The ISCCS was adopted by the Executive Committee; while, the Code amendments that the ISCCS necessitates were approved by the Board. The ISCCS and the Code amendments, which will be published shortly and take effect on 1 April 2018, formalize the ways in which WADA supports Code Signatories in achieving, maintaining and regaining Code compliance. The ISCCS also specifies a range of graded, predictable and proportionate sanctions for cases of non-compliance; and, a process for determining non-compliance and consequences.
”Athletes have been very clear with us that, just as they are expected to uphold high standards of compliance with anti-doping rules, so too must Signatories be held to similar high standards within the Code,” said Olivier Niggli, WADA Director General. “The International Standard for Code Compliance by Signatories is a direct response to this athlete appeal,” Niggli continued. “Through an extensive stakeholder consultation process, we developed a robust Standard in a record time of six months,” he said. “We believe that this Standard will be a game changer and its unanimous approval reflects the level of importance that WADA stakeholders have given it and their commitment to the fight against doping.”
Upon recommendation by the CRC, the Board declared the following three signatories non-compliant with the Code with immediate effect:
WADA will now communicate this decision to its stakeholders, including the International Olympic Committee (IOC), other Major Event Organizations and UNESCO for their consideration and action.
“WADA is grateful for the 8% increase for 2018, which will go a long way towards increasing WADA’s scale, speed and reach in carrying out its core activities,” said Olivier Niggli. “WADA Management will now continue its work with stakeholders to ensure ongoing enhancement of WADA’s activities, which is required of the Agency by its governing bodies and athletes of the world.”
The Board welcomed a Canadian delegation — comprised of Mr. Hubert Bolduc, President and Chief Executive Officer of Montreal International; Mr. Marc Garneau, Minister of Transport, Government of Canada; and Christine St-Pierre, Minister of International Relations, Government of Quebec — that outlined an offer to extend their Montreal hosting agreement for another ten years ending in 2031. The proposal was unanimously endorsed by the Board. WADA’s global headquarters have been hosted by Montreal International, on behalf of the Governments of Canada and Quebec, since 2001.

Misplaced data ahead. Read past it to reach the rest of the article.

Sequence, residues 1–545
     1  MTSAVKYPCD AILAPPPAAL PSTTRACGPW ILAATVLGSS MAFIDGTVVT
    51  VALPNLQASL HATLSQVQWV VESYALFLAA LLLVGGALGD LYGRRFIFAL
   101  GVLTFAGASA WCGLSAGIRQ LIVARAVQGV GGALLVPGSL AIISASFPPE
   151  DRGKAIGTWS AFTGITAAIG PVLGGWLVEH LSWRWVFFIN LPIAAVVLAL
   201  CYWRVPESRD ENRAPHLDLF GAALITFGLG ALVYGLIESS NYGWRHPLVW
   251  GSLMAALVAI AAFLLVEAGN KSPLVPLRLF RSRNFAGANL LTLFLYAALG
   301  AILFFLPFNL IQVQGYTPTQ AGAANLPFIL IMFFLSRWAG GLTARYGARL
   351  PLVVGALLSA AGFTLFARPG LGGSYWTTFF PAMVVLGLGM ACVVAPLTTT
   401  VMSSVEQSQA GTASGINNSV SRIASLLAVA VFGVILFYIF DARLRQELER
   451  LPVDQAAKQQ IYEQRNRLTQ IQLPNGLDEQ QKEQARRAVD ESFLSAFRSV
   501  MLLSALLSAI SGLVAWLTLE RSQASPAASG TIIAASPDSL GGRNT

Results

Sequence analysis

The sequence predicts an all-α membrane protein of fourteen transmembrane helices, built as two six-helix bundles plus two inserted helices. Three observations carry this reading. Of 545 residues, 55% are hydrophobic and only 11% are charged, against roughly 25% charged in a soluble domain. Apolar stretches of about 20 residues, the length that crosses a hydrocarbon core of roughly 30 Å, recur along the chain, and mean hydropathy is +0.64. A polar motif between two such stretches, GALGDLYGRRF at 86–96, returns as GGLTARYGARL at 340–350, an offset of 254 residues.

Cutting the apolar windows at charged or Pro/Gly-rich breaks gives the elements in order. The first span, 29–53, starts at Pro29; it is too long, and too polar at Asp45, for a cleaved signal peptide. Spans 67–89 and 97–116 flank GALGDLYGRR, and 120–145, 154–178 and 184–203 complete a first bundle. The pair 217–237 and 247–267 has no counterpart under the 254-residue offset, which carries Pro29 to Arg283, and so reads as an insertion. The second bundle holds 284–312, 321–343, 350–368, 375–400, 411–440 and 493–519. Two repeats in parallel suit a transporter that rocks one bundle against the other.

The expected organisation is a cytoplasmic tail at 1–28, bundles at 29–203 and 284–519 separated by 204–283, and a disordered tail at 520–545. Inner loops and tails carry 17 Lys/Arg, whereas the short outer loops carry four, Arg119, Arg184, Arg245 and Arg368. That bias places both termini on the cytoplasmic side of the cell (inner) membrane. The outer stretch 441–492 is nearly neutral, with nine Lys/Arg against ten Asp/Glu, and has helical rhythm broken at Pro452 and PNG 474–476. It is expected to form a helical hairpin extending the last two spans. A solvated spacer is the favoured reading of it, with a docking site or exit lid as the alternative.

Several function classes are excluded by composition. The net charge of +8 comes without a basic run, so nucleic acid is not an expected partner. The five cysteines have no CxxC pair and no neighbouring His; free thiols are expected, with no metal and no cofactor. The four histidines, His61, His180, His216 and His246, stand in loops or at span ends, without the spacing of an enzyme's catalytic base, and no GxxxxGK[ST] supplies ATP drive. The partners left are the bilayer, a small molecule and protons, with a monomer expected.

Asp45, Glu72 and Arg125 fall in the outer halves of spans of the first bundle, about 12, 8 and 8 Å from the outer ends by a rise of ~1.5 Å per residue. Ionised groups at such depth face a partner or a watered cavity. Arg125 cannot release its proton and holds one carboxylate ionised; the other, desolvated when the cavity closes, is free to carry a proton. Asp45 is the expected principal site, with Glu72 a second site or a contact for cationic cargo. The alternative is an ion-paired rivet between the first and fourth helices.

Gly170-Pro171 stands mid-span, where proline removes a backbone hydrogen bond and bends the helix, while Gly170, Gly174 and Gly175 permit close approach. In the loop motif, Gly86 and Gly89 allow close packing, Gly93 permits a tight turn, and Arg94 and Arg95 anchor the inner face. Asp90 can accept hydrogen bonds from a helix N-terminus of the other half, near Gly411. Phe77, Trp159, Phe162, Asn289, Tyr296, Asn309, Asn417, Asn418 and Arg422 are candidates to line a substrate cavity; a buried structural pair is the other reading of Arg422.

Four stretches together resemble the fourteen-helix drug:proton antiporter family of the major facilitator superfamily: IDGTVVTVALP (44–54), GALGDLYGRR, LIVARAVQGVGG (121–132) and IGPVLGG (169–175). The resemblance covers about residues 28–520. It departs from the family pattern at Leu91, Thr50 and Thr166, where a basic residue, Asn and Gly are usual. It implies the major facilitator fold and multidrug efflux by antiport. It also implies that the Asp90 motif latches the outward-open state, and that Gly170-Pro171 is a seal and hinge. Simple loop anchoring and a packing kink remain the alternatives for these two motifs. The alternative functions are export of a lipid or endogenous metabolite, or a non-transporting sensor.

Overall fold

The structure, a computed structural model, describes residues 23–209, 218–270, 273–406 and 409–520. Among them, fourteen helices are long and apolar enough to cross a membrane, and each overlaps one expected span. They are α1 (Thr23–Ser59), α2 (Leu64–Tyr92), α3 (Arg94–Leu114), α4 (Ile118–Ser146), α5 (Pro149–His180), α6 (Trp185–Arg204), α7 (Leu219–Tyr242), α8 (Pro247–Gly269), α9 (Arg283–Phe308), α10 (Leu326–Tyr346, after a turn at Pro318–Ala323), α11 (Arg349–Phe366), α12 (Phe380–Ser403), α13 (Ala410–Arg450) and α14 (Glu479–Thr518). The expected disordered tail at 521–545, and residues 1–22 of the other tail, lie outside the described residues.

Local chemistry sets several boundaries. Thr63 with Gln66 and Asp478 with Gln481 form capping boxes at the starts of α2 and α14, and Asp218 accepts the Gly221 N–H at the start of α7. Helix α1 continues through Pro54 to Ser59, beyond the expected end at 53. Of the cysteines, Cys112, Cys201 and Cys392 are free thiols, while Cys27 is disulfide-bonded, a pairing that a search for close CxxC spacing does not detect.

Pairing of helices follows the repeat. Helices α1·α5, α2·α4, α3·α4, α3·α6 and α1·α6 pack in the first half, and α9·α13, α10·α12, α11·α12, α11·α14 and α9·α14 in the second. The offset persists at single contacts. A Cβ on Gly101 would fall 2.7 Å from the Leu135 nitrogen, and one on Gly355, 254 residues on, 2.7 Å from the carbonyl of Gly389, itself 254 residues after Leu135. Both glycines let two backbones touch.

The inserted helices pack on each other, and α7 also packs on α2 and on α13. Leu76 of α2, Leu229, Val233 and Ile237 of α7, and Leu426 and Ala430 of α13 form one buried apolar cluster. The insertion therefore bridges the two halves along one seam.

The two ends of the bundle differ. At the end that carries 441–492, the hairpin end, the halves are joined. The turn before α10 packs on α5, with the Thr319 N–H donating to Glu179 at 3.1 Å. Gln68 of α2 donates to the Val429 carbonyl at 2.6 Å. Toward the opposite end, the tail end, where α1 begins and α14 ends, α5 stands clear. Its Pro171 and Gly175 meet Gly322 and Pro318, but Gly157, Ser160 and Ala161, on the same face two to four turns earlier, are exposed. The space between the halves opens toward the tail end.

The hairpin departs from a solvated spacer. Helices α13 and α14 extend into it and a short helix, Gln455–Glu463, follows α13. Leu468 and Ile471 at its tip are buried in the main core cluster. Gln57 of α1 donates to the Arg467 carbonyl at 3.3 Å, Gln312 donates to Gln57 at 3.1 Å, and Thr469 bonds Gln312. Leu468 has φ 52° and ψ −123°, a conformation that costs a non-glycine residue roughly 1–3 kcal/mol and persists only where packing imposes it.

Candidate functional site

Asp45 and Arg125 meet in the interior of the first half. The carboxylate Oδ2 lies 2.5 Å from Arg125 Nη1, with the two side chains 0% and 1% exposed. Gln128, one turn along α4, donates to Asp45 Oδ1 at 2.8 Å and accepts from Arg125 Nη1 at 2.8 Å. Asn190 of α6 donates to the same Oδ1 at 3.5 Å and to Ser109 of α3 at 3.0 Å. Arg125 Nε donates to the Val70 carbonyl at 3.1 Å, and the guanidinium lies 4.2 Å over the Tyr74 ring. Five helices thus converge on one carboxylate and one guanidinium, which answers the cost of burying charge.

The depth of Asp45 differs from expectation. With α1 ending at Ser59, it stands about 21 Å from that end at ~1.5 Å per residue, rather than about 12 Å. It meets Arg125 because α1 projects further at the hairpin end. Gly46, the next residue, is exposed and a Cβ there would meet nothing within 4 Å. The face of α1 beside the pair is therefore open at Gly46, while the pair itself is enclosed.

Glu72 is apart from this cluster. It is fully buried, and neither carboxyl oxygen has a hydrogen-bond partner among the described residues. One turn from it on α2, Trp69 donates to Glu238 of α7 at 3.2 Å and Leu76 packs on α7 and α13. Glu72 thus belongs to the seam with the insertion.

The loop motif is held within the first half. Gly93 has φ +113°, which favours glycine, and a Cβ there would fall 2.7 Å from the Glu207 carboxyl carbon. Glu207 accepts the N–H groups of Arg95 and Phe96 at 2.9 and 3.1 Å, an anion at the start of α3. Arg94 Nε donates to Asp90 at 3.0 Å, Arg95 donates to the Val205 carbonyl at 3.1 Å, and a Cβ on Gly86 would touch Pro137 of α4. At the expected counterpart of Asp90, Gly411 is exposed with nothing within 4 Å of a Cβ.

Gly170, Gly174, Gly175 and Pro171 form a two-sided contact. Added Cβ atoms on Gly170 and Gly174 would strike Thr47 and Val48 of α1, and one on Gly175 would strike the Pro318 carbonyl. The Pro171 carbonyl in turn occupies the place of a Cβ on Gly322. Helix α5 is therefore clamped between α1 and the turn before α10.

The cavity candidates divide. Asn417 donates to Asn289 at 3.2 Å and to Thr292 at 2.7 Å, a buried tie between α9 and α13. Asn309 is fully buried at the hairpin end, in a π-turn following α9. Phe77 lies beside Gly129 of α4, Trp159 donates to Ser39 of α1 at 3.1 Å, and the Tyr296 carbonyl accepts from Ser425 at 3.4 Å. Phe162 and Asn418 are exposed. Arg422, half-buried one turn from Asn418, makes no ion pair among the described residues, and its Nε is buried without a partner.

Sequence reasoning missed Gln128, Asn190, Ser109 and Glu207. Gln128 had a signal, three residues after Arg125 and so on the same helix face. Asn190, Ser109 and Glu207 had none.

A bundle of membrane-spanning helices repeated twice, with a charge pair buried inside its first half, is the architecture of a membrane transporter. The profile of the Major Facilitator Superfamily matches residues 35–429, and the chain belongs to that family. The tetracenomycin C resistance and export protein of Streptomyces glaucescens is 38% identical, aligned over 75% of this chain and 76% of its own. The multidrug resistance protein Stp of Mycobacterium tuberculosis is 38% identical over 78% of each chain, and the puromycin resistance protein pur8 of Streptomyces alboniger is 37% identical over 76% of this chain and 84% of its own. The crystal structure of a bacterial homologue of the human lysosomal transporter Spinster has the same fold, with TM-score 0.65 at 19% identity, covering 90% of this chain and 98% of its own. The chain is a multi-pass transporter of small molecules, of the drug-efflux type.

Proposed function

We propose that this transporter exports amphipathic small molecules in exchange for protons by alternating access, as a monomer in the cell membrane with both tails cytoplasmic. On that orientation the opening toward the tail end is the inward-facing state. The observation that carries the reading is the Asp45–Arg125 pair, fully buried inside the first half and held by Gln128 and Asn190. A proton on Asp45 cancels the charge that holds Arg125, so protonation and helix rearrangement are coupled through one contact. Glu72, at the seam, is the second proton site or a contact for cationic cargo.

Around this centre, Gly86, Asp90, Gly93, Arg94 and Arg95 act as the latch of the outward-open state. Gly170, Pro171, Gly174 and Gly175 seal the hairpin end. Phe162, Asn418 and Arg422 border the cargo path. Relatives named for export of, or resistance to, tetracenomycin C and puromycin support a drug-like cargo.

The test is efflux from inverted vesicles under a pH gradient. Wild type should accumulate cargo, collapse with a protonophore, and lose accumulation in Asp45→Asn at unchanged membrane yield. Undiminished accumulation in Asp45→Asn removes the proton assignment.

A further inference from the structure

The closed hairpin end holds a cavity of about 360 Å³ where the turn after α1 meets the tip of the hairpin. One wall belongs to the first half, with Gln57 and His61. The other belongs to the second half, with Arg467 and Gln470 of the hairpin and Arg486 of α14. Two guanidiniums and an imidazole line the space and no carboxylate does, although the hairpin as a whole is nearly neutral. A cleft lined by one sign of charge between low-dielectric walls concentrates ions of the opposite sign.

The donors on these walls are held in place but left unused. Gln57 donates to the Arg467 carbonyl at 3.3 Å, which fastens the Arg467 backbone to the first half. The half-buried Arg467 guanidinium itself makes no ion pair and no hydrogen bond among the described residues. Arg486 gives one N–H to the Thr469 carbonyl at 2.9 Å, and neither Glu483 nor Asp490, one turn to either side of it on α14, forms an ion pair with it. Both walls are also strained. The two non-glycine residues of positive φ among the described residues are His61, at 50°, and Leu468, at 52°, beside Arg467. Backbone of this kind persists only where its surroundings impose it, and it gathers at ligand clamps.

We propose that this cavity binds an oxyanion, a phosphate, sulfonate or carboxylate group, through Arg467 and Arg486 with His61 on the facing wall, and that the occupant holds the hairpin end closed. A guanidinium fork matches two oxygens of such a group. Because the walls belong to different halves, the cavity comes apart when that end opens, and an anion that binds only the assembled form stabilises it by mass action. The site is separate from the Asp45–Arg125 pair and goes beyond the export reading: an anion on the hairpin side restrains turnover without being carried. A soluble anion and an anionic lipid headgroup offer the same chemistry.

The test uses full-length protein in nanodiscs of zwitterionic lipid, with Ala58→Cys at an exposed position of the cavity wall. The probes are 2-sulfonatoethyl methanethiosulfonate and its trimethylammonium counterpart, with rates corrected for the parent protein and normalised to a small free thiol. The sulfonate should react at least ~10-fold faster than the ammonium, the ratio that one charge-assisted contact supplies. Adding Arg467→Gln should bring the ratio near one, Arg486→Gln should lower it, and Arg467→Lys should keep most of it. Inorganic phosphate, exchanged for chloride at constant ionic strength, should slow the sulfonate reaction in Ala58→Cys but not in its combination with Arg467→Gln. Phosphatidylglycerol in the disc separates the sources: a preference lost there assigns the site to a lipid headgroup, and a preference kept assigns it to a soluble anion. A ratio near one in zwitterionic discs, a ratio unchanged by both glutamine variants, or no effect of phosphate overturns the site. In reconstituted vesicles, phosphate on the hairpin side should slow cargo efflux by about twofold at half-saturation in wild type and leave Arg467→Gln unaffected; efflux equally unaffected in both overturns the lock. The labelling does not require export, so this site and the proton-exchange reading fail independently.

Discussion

In thanking the Canadian delegation, Sir Craig Reedie said, “WADA is very grateful to the Canadian authorities for their generous offer and their willingness to continue to provide the Agency with optimal conditions in order to carry out its mission. The extension of WADA’s hosting agreement with Montreal will provide ongoing stability; and, allow the Agency to focus on its commitment to clean sport.”
In order to ensure that the Code continues to effectively protect clean athletes and fulfill the needs of the anti-doping community, the Board approved the launch of a Code review process. This review, the scope of which will be more limited than past Code revisions, will be launched through an extensive stakeholder consultation process in December; and, will culminate at WADA’s next World Conference on Doping in Sport that will be held in Katowice, Poland, in November 2019.
Importantly, the Board was updated concerning the outcomes of Working Groups established per the Board’s recommendation in November 2016 related to matters such as: compliance monitoring, WADA’s Governance and the Agency’s laboratory accreditation process.
• This media release was originally published by the World Anti-Doping Agency (WADA) on 16 November 2017. To access the original, please click here.